RBS’ new boss Alison Rose today announced £1bn in funding through Natwest to support female entrepreneurs in the UK.
Rose will aim to support the creation of 50,000 startups by 2023 by inspiring half a million people to consider starting a business, of whom at least 60 per cent will be women.
Before becoming the bank’s first female boss, Rose led a government-backed review which found that the single biggest barrier facing female entrepreneurs is a lack of funding.
“Building a business is often tough and lonely and can be harder than it needs to be,” Rose said.
The Rose Review found that women launch businesses with 53 per cent less capital on average than men and are less aware of funding options.
She added: “By tackling the most important issues facing our entrepreneurs, we can make a real difference to those who need it most, especially in female-led businesses.”
Simon Clarke, exchequer secretary to the Treasury, said it is “shocking” that only a third of entrepreneurs are women.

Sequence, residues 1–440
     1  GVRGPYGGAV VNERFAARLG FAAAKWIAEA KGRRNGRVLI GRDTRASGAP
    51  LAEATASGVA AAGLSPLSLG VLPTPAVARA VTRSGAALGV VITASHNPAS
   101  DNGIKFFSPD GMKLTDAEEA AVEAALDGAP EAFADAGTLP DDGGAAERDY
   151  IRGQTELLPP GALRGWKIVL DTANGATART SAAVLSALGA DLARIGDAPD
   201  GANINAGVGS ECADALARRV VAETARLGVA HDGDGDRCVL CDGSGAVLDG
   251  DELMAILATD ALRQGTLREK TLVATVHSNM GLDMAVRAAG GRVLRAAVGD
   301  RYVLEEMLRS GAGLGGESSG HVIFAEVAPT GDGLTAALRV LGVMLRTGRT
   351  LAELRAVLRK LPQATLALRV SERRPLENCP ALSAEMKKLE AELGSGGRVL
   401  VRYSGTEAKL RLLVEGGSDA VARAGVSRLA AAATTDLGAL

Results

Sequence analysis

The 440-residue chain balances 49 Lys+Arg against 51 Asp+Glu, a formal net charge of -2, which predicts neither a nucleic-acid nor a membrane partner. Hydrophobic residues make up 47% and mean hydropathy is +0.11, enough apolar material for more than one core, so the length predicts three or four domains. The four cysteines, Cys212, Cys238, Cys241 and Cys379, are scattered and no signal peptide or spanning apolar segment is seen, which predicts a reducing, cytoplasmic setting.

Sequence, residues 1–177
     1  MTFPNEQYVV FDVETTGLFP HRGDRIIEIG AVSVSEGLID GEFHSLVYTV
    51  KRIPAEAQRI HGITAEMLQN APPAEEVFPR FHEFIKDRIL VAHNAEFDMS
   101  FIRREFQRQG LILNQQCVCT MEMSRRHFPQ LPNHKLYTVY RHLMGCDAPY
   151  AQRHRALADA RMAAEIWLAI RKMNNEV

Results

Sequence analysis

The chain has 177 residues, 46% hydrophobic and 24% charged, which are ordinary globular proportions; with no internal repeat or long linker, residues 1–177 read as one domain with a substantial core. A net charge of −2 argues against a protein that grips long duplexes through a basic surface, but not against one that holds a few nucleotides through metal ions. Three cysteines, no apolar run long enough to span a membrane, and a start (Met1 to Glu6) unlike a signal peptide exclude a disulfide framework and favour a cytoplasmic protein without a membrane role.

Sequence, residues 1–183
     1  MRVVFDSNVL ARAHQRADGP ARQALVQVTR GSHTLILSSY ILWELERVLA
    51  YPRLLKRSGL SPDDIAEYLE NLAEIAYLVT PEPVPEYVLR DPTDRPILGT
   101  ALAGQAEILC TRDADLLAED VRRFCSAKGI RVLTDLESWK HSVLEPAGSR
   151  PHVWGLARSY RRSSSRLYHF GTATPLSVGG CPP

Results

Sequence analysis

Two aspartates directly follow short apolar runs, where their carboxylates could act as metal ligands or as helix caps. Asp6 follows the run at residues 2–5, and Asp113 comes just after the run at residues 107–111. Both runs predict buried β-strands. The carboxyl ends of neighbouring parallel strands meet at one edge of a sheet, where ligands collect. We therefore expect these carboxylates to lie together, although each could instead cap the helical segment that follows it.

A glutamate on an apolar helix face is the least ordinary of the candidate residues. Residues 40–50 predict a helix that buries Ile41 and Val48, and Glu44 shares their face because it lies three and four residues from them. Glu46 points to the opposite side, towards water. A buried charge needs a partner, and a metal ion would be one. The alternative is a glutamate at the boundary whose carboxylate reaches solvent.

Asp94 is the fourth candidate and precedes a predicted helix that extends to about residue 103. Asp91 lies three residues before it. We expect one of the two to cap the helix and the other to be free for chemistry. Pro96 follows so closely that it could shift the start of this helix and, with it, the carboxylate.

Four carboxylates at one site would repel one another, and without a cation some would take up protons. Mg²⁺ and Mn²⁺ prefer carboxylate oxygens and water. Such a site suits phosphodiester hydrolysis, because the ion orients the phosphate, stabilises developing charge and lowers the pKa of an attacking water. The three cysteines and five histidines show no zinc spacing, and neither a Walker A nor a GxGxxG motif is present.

He added: “This £1bn of funding is a tremendous step forward and demonstrates the finance sector’s commitment to promote female entrepreneurship in the United Kingdom.”
Business secretary Andrea Leadsom also welcomed the funding.
She said: “RBS is offering a real boost for the country’s female entrepreneurs and for the whole British business community. Their new investment supports our ambition to make the UK the best place in the world to work and to grow a business.”
The funding through Natwest joins other initiatives and partnerships focused on female entrepreneurs.
Read more: Alison Rose confirmed as new RBS boss
In March 2019 Natwest and Crowdfunder launched Back Her Business, which enables women to register and prepare a business idea for crowdfunding.
Most of the funding for these businesses is crowdfunded but Natwest provides a top-up in funding of £1m per year.
Rose was deputy chief executive of Natwest before replacing RBS boss Ross McEwan in September last year.
A management shake-up under Rose will reportedly see Mark Bailie, a rival to Rose for the top job, leave RBS’s digital bank Bo next month.